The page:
Gordon ready to drive No. 88 as long as needed
Jeff Gordon states he will be willing to drive for Hendrick Motorsports in the No. 88 car as long as they need him while speaking with the media at Pocono Raceway.
Truex tames Pocono for Coors Light Pole Award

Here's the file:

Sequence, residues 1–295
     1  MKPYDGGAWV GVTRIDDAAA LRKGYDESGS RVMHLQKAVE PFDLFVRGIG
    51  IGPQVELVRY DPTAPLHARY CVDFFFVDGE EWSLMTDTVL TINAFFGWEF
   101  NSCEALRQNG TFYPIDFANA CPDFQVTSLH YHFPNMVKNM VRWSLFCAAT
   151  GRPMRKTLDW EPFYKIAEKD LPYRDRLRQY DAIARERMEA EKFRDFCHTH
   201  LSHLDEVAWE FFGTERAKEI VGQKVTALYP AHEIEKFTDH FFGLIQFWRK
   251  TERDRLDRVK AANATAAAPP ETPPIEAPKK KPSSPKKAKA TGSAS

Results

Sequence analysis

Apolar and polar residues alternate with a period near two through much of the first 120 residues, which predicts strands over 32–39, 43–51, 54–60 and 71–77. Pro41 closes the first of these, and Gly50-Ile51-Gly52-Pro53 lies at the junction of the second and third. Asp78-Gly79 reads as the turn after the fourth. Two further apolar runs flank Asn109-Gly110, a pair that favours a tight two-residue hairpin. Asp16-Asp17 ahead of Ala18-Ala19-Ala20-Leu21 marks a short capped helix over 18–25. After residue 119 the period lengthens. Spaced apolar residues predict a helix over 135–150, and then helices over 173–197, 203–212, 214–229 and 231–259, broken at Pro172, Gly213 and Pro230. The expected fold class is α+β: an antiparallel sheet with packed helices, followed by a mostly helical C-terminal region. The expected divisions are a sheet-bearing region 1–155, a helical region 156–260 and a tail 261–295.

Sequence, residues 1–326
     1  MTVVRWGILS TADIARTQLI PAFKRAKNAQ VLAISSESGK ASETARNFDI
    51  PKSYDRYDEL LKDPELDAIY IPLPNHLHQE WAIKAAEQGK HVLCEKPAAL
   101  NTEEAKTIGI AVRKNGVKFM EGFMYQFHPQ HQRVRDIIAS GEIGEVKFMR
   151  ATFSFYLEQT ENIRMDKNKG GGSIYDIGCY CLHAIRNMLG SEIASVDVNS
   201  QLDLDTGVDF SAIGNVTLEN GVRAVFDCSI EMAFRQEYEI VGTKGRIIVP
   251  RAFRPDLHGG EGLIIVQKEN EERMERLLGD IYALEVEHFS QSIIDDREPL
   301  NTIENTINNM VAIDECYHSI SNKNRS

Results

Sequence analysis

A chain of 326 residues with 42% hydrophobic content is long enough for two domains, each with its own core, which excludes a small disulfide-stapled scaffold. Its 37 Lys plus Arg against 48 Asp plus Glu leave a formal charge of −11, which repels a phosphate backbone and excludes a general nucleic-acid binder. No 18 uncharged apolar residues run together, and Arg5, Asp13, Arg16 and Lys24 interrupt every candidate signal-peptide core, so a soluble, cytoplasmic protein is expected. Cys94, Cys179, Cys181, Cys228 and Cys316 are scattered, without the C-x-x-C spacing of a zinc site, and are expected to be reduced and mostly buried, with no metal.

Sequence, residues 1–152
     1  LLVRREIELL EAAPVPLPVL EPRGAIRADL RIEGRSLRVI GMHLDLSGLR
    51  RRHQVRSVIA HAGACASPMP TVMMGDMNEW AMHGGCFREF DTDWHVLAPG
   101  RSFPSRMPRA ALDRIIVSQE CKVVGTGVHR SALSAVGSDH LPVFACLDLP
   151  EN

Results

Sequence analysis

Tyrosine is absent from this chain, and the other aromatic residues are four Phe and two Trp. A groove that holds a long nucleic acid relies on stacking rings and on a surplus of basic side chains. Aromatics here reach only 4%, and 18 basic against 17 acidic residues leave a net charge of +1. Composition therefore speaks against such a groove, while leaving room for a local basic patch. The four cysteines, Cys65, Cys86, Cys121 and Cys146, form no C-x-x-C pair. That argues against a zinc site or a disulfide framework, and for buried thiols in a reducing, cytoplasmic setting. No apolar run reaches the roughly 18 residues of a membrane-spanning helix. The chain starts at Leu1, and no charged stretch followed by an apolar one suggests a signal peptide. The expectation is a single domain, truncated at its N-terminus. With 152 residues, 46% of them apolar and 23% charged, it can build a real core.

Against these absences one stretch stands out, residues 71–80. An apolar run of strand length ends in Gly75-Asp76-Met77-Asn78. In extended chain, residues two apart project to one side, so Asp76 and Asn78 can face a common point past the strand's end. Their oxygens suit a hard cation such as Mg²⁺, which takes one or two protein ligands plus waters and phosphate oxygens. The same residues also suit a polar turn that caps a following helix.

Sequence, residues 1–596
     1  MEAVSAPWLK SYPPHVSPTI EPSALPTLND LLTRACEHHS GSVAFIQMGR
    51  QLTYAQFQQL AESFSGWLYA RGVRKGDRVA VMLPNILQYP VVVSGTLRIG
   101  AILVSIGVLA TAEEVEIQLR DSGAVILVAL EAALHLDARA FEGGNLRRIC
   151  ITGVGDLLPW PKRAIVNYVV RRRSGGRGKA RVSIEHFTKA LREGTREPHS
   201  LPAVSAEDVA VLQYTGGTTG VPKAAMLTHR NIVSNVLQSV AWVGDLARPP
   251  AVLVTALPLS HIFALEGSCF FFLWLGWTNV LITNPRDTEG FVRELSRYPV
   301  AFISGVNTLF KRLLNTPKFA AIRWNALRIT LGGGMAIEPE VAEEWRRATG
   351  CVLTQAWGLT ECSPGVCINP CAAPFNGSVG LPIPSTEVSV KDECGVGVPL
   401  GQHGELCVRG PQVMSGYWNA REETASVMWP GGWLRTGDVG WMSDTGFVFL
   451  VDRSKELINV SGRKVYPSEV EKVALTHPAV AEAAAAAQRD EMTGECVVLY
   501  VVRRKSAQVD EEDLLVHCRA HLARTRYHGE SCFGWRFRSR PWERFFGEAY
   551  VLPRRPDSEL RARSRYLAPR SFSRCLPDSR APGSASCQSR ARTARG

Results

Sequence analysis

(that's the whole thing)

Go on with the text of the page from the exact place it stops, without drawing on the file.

RELATED: Qualifying results " See every car in the field LONG POND, Pa. – Martin Truex Jr. found a lot more than light at the end of the Tunnel on Friday afternoon at Pocono Raceway. Gaining time on the rest of the field through Turn 2—the Tunnel Turn—at the 2.5-mile triangular race track, Truex put his No. 78 Furniture Row Racing Toyota on the pole for Sunday’s Pennsylvania 400 (on NBCSN at 1:30 p.m. ET; MRN, SiriusXM NASCAR Radio), knocking fellow Toyota Camry driver Carl Edwards out of the top starting spot. It's not that Truex and his team made a special point of emphasis on that particularly tricky corner. It just worked out that way, earning Truex his third Coors Light Pole Award of the season, his first at Pocono and the 10th of his career. "For whatever reason, today—all day long —I felt comfortable there, more so than past times here," said Truex, who ran his fastest lap of the day (179.244 mph) in the third and final round of knockout qualifying for the 21st NASCAR Sprint Cup Series race of the season. "The first race here (in June) we really struggled in the Tunnel Turn. "We kind of focused on it a little bit coming back, as far as just making sure it was closer to Turn 1 and Turn 3 and not something that would really handcuff us so bad. So maybe that had something to do with it—I'm not sure—but it just kind of worked out that way, for whatever reason. "Each round I felt a little bit more comfortable and was able to gain a little more time there, and the third round I was able to just kind of sail off in there and get a little bit lucky and hit it right. It's one of those corners that, if you take a risk going in, nine out of 10 times it doesn’t pay off coming out of the corner. This time it did, and we were able to take advantage of it." On the strength of his run through the Tunnel Turn, Truex covered the distance in 50.211 seconds, .104 seconds faster than Edwards (178.873 mph), who thought he had the pole won when he completed his lap in the final round. "As I crossed the line, I felt like, 'That’s it'," said Edwards, who was a close second to Kyle Busch in pole qualifying last week at Indianapolis. "But after seeing what (Truex) ran, I thought 'Well, maybe I could go back and change this or that,' but that was a really good lap for me. It just was. "You can always go back and pick your lap apart, but the last two weeks, Indy and here, I was pretty proud of my lap, and they just got us." Paul Menard (178.671 mph) qualified third, the fastest of three Richard Childress Racing drivers in the top 12, with Ryan Newman placing fifth and Austin Dillon placing 12th. That's the first time all three RCR Chevrolets have cracked the top 12 for the same race since August of 2014 at Michigan. Denny Hamlin claimed the fourth spot on the grid. Tony Stewart, Brad Keselowski, Chase Elliott, Matt Kenseth and Joey Logano will start from positions six through 10, respectively. Subbing for ailing Dale Earnhardt Jr., six-time Pocono winner Jeff Gordon advanced to the second round but went no farther, qualifying 24th. Gordon made two runs in the first round to ensure he would make the second, and that eventually cost him. "The first time out, the car was pretty close, a little bit tight, but we should have been better that first time out, and then we wouldn't of had to gone out the second time," Gordon said. "But overall just too tight over the Tunnel (Turn). "The car is really good down in (Turn) 1. I picked up speed every time we went out. I think having to do that last run our third time on tires didn’t really give us a good chance to advance and get the lap that we wanted. It's still a work in progress." NASCAR competition officials delayed the start of qualifying by 20 minutes to allow teams extra time to make their way through the Laser Inspection Station (LIS). Scott Miller, NASCAR senior vice president of competition, said that a glitch early Friday forced the wait time in the inspection process. "I'm not exactly sure of the exact technical thing that happened (with the LIS), but it got back online really quick," Miller said. "One thing I want to make clear is, the reason we're moving this back is because we had a little bit of ownership in it with our equipment. On a regular weekend, if everything … if we had our time block and our equipment worked fine and this was a team issue getting through templates and they didn't get out there, we would be inclined not to extend qualifying and if they miss qualifying it's on them." Despite the delay, all teams made it through inspection in time for the first 20-minute round of qualifying. The last of those was the Joe Gibbs Racing No. 18 Toyota team for driver Kyle Busch, who cut it close but made his first qualifying pass with roughly five minutes left in the opening session. No. 18 crew chief Adam Stevens told NBCSN that the car was initially out of tolerance with the rear-axle toe. Busch will start 16th after missing out on the 12-driver cut after qualifying's Round 2. His brother Kurt, who won the Sprint Cup tour's most recent race at Pocono, was 15th-fastest and will start alongside him in the eighth row. Contributing: Staff reports &amp;amp;lt;/p&amp;amp;gt;